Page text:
The current offerings in their Delta series are no exception. When I took the CDP-102 ($4,000) out of the box, I thought I was lifting a heatsink-laden amplifier. It is that heavy, 27 pounds to be exact, or 25 more than my mass-market DVD player. The chassis seems like it’s carved out of a solid chunk of aluminum, though they tell me it is molded aluminum. The player sports a unique touch-screen control panel that is a breeze to learn and offers great flexibility in tailoring the operation of the machine to your personal needs. The player will read just about anything you can feed it, including CD, CD-R, CD-RW, DVD-Video, DVD-Audio, DVD-R, DVD-RW, DVD+R, DVD+RW, MP3, WMA. dts-CD, Video-CD and S-VCD. Though it can read DVDs, it is not really designed as a DVD player; the emphasis is on the CD playback quality. However, a video output will allow for moderate-resolution DVD video playback with fantastic two-channel audio reproduction.
Listening to that same Hanrahan disc through the Classé I was able to get just a bit more into the complex instrumental tapestry: more punch, more definition, more clarity than the Rotel. But that is to be expected at this price. The design and physical presence of this player reek of quality, which it surely delivers. I played a wide variety of discs without a hitch and even watched part of a favorite flick on the little touch screen. On disc after disc, I was impressed by the authority of this player and its ability to resolve the smallest details in the music with aplomb. I was equally impressed by its bass reproduction, a quality many players scrimp on for some reason; bass was always taut and tuneful and in just the proper proportion to the rest of the mix.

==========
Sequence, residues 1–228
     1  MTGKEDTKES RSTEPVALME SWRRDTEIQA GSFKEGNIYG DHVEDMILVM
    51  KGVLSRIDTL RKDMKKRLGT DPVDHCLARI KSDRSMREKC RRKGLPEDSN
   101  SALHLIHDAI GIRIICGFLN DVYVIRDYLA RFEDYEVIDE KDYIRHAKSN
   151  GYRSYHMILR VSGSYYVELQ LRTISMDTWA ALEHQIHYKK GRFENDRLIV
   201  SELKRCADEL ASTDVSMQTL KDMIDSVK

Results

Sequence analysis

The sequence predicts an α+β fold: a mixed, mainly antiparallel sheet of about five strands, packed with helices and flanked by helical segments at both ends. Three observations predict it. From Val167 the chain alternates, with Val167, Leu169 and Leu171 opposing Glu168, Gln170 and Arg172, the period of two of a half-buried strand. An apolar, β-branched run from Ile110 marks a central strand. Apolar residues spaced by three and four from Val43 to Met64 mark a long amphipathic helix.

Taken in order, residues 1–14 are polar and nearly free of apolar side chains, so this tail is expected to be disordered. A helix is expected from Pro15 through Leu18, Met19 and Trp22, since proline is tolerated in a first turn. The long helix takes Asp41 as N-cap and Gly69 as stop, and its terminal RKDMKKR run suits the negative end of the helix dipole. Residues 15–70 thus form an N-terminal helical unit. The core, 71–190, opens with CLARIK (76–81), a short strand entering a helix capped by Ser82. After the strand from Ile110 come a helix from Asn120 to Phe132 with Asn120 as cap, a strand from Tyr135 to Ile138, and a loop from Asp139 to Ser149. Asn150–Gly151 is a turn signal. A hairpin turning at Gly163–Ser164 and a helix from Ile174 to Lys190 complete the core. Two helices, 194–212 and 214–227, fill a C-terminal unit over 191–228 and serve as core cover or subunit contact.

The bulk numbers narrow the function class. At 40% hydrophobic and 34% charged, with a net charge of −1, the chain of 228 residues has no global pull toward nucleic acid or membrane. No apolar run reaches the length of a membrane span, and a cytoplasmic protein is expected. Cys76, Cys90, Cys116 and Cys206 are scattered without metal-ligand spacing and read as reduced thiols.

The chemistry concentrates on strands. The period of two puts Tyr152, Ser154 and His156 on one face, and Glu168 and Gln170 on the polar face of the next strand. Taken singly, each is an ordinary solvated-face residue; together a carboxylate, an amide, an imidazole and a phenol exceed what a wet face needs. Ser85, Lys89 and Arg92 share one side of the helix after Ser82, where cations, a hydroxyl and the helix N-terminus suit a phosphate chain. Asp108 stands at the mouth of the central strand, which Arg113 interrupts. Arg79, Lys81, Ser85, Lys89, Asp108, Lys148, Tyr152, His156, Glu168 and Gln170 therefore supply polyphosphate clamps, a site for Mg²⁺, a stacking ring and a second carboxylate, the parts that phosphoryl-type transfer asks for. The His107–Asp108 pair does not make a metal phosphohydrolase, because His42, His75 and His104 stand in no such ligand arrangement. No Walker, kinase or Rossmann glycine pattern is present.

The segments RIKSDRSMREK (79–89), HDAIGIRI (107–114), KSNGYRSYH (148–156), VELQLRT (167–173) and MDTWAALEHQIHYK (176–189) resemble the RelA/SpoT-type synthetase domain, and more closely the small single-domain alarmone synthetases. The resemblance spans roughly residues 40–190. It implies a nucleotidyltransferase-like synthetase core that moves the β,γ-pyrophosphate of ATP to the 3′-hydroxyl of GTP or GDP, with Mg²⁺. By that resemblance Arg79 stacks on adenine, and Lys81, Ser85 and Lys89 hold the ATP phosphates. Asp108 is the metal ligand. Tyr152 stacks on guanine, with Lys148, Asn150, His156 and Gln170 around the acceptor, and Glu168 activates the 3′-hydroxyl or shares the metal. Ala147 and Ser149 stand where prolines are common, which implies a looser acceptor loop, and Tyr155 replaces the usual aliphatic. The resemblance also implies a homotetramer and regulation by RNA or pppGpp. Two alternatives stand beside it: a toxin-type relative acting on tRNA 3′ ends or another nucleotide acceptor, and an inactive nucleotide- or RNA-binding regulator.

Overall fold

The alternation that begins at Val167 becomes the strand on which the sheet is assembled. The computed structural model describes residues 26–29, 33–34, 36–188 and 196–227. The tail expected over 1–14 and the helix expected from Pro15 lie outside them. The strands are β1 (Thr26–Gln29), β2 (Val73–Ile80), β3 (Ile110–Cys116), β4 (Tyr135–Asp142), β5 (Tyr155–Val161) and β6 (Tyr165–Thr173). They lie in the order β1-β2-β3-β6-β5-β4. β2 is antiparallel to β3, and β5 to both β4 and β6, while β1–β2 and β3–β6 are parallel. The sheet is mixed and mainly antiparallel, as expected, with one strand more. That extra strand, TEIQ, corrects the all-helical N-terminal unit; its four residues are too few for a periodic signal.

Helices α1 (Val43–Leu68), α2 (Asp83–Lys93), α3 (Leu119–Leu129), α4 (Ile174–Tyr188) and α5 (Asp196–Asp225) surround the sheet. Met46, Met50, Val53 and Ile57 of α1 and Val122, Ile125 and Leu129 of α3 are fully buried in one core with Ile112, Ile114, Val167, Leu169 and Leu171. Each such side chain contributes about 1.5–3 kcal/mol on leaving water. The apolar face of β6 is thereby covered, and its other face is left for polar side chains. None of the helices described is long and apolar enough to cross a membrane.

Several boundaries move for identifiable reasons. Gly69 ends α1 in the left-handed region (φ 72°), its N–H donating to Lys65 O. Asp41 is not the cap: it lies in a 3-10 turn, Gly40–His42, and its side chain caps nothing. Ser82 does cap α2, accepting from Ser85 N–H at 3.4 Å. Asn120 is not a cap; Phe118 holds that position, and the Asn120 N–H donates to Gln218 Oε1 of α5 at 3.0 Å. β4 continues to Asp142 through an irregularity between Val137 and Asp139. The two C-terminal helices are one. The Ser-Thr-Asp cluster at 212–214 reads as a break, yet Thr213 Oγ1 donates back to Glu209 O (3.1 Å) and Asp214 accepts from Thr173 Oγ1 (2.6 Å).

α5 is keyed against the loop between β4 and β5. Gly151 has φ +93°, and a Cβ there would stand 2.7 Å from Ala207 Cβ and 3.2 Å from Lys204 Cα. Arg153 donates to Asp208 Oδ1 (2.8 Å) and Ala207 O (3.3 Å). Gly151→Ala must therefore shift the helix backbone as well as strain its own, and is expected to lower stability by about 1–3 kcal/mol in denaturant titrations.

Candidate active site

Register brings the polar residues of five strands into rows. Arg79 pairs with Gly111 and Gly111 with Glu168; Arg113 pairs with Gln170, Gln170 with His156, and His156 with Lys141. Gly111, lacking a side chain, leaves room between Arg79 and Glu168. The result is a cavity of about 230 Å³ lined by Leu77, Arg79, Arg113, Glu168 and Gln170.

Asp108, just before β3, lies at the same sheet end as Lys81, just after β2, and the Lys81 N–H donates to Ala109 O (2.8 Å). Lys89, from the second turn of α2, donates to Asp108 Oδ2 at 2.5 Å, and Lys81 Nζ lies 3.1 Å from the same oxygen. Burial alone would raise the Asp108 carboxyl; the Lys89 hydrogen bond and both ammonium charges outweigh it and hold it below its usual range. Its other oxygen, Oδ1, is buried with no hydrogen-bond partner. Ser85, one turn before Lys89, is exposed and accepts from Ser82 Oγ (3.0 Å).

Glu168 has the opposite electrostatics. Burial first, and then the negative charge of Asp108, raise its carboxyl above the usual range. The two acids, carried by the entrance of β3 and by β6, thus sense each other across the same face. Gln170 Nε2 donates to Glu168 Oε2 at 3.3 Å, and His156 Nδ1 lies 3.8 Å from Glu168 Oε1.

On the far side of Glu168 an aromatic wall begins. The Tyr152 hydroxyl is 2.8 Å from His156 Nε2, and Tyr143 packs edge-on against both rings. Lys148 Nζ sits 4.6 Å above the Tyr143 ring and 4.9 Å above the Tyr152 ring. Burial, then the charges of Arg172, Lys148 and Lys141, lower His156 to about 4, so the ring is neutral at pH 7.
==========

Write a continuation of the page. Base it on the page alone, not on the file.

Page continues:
By the way, the industrial design of this unit is stunning, and when mated with other Classé components, presents an impressive stack of gear; we’ll examine the Classé integrated amp in a future column.
Roy Gandy of Rega turntable fame (rega.co.uk) entered relatively late into the CD player field—Rega’s first player only came to fruition in the mid 1990s—because he decided it was a pot not worth jumping into without proper research and preparation. Then, after the astonishing success of the Rega Planet and Jupiter players, Gandy resolved to do better. Actually, the withdrawal of Sony and other big boys from the dedicated CD player market forced Gandy’s hand.
A lack of CD-only chipsets—these days, the major manufacturers are only interested in DVD-related stuff—compelled Gandy and other manufacturers to look elsewhere for their raw materials, because only that very small handful of producers has ever made the chips that control the reading and conversion of the information contained on a CD. Gandy partnered with an unnamed British firm to create a new way to read and play CDs via totally new software and memory functions. Gandy says the typical chip in the typical CD player has a memory of about 37K, while the new device Rega now uses operates with 20Mb of computer-class memory. This allows the player to read the entire disc’s digital profile before playing. in order to choose the proper error correction method, among other things. All in all, this is the first major rewrite of digital processing software since the medium’s first days, no minor achievement, to say the least.
“Everyone has used some form of the original Sony and Philips chipset,” says Rega’s U.S. importer Steve Daniels. “This is the first fundamental change in the way CDs are read since then.”